A key report by the House of Lords has highlighted a litany of uncertainties and contradictions in the British government's approach to the Northern Ireland Protocol.

Peers have also accused the UK of appearing to "reinterpret" the Protocol when it comes to one of its central elements.

The report repeatedly warns of what it calls the "Herculean" task facing Northern Ireland business to come to terms with the Protocol, and the fact that time is running out for them to prepare for the changes involved.

The 107-page report by the House of Lords Select Committee on the EU says the UK government's approach, as well as a too rigid approach by the European Union, pose a "potent threat to economic prosperity and political stability in Northern Ireland".

Speaking on RTÉ's Morning Ireland, the chair of the House of Lords committee said there is a large amount of work to be done and his chief concern is that there is not a good process for getting the small detail sorted out so that businesses on the island of Ireland can plan for a post-Brexit future. 

Lord Kinnoull said that if details are not completed by September or October, it will be very difficult for businesses to plan and discussions of detail need to happen now, in order to give businesses any chance to prepare.

He said the committee view is that it would be sensible for the British government to seek an extension but although this has "been put to them many times", the UK government is absolutely clear there will be no extension.

The Protocol on Northern Ireland is contained in the Brexit Withdrawal Agreement and will come into effect on 31 December, unless the UK agrees an extension to the Brexit transition period.

It provides for Northern Ireland to remain in the EU's single market for goods and means there will be customs, VAT, state aid and EU regulatory formalities for goods moving between Great Britain and Northern Ireland.

Cabinet minister Michael Gove in Warrenpoint, Co Down last year

The report, drawn up by the 19-member committee, reflects what it calls "the very high level of anxiety" among Northern Ireland businesses over the scale, complexity and costs of putting the Protocol into practice in just seven months' time.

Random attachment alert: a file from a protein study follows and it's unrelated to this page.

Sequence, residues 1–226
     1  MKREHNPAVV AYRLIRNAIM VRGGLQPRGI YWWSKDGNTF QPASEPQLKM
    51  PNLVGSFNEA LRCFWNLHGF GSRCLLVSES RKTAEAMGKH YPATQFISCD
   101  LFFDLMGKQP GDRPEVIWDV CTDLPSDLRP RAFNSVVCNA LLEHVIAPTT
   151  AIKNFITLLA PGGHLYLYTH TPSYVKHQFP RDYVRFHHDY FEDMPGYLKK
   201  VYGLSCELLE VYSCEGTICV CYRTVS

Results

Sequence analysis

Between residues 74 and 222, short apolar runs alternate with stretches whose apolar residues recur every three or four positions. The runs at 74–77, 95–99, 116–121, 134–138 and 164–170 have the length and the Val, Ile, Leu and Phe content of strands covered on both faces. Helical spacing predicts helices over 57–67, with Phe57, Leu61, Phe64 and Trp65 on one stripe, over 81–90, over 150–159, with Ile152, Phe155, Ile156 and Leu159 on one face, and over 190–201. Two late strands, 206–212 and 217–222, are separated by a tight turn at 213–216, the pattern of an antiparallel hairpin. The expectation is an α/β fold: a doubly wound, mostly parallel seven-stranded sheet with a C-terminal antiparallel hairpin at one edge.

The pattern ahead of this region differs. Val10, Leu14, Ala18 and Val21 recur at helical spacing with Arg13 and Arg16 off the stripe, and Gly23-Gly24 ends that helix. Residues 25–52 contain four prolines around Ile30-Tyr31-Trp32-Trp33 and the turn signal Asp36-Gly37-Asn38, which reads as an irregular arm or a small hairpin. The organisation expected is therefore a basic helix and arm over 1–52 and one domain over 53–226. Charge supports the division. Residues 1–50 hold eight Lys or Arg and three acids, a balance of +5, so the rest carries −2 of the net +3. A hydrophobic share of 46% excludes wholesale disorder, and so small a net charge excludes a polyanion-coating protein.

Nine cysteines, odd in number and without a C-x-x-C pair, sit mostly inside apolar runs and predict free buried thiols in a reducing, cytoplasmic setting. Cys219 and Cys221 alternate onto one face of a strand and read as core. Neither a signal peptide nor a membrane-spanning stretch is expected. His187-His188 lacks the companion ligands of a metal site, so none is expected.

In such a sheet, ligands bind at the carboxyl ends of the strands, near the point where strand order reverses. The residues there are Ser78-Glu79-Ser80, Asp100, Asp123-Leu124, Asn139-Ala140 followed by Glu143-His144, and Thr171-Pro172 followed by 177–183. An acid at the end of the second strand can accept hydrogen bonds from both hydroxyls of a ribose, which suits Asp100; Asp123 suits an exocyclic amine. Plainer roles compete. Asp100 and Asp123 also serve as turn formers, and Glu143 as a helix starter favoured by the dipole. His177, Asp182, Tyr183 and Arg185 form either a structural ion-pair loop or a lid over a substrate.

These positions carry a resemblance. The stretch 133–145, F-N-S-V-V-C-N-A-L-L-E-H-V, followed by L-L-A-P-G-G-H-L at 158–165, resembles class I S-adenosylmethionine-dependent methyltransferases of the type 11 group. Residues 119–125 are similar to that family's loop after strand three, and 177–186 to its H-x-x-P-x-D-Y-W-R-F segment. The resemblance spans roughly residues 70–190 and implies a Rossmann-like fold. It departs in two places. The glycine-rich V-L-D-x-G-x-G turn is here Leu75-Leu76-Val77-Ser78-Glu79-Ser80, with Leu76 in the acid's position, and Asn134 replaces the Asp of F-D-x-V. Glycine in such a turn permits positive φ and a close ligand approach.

Peers have accused the British government of issuing "a series of seemingly contradictory statements, amounting to an inability to confirm and explain precisely what it agreed with the EU under the terms of the Protocol".

The report also criticises the European Commission for insisting that "the rules are the rules", without indicating any flexibility over the interpretation or application of those rules.

The Lords committee has compiled the report following months of hearings with senior UK ministers, including the former Brexit secretary Steve Barclay, and Michael Gove, the senior cabinet minister charged with implementing the overall Withdrawal Agreement.

The committee also took detailed submissions from Northern Ireland business and freight stakeholders, as well as key trade and legal experts and academics.

It comes in the light of ongoing tensions between the European Commission and the UK government over the meaning, scope and obligations of the Protocol.

The report quotes the view of the Northern Ireland Business Network (NIBN) that the approach taken by both the UK and EU made Northern Ireland feel "like a pawn in the game".

The uncertainties and lack of detail from the UK government, said the network during hearings, "hindered Northern Ireland stakeholders from preparing for the 'seismic change' that would happen on 1 January 2021".

During the hearings the NIBN expressed its "deep frustration" at what it called the lack of engagement by the UK government and warned that "if there are new costs in terms of tariffs, paperwork or staff hours, and if costs exceed the product margin, then the product or business model becomes unviable".

The border at Jonesborough, Co Armagh

While welcoming the recent UK Command Paper on how it would implement the Protocol, the House of Lords committee "regrets" it took seven months to appear.

The report also calls on the British government to explain how its promise not to create new customs infrastructure to cater for the incoming customs formalities is compatible with the demands of the Protocol.

"It is incumbent on the Government to explain how the new processes required under the Protocol can be undertaken, in the absence of new infrastructure," the committee states.

"In particular, it needs to clarify whether and how existing infrastructure at ports will be used."

Despite senior British figures, including prime minister Boris Johnson, declaring there would be no checks or controls on goods either going GB-NI or NI-GB, the UK has recently conceded there would be regulatory checks and controls on live animals and agri-food products, and that there would be "administrative processes" in terms of customs formalities for goods going from Great Britain to Northern Ireland.

The report highlights the double impact of the Covid-19 pandemic and the new regime on Northern Ireland

The Lords report welcomes the admission but says "the Government needs to set out with urgency the detailed steps that it will take to ensure that the necessary infrastructure is in place before 1 January 2021".